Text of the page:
Erotic thrillers, from my experience, usually try to cash in on excessive sex scenes to sell themselves, which tend to be at the expense of the thrills. This can make for a deeply shallow experience that feels as though effort was put into the nudity than the actual story. David Cronenberg’s 1996 film Crash is no such film.
The sex scenes are excessive, even numbingly exhaustive, but upon greater reflection I believe that is the very point. Cronenberg does not want to arouse you with cheap sex. No. He always has been, and always will be, a director with intent. Instead he weaponizes sex, using it as a catalyst for a psychological thriller unlike few I have ever seen, if any.
I will admit that the film opens cheaply enough, coming off as nothing more than a sexploitation romp with characters that are characterised by their jobs and overt sexuality alone. James Ballard (James Spader) is a hotshot film producer in an open marriage with his wife Catherine (Deborah Kara Unger), who each share their sexual exploits in vivid detail as they engage in sex themselves. At this point Crash already seems fairly typical, and when you add some questionable writing early on with a woeful score that is too ‘90s even for the ‘90s, it would be fair to say that I was not holding out much hope given its radically divisive reception.
If cinema has taught me anything by this stage though, it is that I should never jump to early conclusions or allow the opinions of others to sway my own.
Crash swiftly veers into increasingly absorbing subject matter when James suffers a serious car accident, resulting in a serious leg injury, and the death of a passenger in an oncoming car. Cronenberg’s initially distant direction becomes more intimate as James comes to terms with his guilt, as well as the mental trauma of getting into a car again. James seeks to make sense of it all, even lacking the sexual vigour he once had. I suddenly found myself caring about James, proving to be more than the apparent cock-sure producer prior to his accident.
Everything changes then when he meets Dr. Helen Remington (Holly Hunter), the widow of the passenger killed in his accident. After offering Helen a ride to work, James almost suffers a second crash, though this time he applies the traumatic experience to his inherently sexual nature, as he and Helen have sex in a parking lot soon after.
From here James descends into a fetishistic obsession with car crashes, and Cronenberg’s true strength of relating bodily mutilation to the mind truly comes into play. At the forefront of this group is Vaughan (Elias Koteas), who seeks “the liberation of sexual energy” through the enactment and re-enactment of car crashes. The concept is obscure, even undeniably bold, and fictitious as this may ultimately be, it still perfectly embodies the alternative sexual pursuits that may be beyond the understanding of the more traditional practitioners of sex, while lending to an effective, perfectly paced thriller with a fascinating psychological edge.
At the cusp of this edge is Koteas’ Vaughan, who is without question the most enthralling of any other character in Crash. He is a sick, twisted individual, of that there is little doubt, but he lends an insight into this sexual niche found in no other character. While it is James’ descent we are observing, Vaughan is already steeped in his obsession, constantly testing the limits of his sexual proclivities with no regard for consequence.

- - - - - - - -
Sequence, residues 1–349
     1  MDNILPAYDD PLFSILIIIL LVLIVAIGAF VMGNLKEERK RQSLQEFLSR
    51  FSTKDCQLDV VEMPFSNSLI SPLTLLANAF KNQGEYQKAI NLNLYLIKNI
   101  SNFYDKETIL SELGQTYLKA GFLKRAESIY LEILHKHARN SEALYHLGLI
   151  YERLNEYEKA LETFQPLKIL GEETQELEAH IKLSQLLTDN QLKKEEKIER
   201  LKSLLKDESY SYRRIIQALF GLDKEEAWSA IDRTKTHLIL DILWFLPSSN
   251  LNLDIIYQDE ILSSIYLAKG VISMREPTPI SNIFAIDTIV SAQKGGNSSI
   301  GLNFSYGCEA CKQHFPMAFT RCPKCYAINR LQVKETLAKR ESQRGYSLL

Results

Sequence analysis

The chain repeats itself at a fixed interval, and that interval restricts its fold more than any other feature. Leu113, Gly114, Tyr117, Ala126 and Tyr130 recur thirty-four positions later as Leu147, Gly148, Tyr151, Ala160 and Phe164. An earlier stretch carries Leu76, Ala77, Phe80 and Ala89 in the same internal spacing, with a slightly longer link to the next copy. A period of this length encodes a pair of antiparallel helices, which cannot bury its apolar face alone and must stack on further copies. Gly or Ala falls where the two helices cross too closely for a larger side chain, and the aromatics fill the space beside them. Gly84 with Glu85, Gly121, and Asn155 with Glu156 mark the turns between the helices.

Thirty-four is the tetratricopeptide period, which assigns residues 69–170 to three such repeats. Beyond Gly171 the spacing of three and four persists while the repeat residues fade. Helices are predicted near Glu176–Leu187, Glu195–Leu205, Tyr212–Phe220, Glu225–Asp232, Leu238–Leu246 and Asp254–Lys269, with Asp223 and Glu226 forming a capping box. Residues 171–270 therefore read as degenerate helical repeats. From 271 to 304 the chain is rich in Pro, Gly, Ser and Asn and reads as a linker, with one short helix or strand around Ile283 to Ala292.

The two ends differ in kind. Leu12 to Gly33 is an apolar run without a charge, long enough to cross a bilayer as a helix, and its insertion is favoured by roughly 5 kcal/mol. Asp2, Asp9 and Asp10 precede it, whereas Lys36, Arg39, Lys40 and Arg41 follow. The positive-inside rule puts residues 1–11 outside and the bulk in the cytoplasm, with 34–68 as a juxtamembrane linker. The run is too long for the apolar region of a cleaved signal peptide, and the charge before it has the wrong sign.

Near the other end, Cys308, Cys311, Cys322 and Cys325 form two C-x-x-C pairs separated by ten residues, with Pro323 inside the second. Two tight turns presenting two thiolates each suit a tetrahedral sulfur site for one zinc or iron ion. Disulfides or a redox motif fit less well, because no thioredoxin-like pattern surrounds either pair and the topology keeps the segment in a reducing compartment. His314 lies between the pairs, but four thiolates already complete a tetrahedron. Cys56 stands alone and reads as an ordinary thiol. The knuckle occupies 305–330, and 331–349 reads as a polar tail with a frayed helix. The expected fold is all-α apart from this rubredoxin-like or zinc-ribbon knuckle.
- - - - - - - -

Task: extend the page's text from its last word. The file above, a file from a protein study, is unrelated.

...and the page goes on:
Seeing him photograph his dead friend, who perished in the deliberate and devastating re-enactment of Jayne Mansfield’s fatal car crash, is completely depraved and entirely absorbing, as Koteas’ versatile performance expresses shock, satisfaction and then unbridled arousal all in a single momentary reaction. I found myself totally disturbed, yet I could sense Cronenberg daring me to look away, omnisciently knowing I am transfixed in spite of my discomfort.
This is exactly what a challenging psychological thriller should do. Yet, Crash falters in many aspects of its execution, however minor and infrequent. I found the characterisation of James’s wife Catherine to be rushed, as she is haphazardly thrown into James’ newfound sexual outlet with little development, rather than naturally eased into it as James was.
The almost laughable scripting is not just limited to the film’s opening moments either, as bombastic dialogue occasionally rears its head from time-to-time, reaching its pinnacle in one of the many sex scenes, where Catherine repeatedly contemplates the saltiness of semen, doing further damage to her characterisation in the process.
Nonetheless, Cronenberg’s Crash evokes psychology from erotica in ways Basic Instinct never could, or any film of its kind, as far as I am concerned. It is incredible that Cronenberg was able to craft a thriller without, I would argue, any ostensible villain, relying instead on a group of people who engage in increasingly dangerous behaviour in pursuit of what they perceive to be the peak of sexual gratification. These individuals and their actions may be as twisted as car crash metal, but the psychology is firmly in place, ultimately justifying Cronenberg’s excessive means.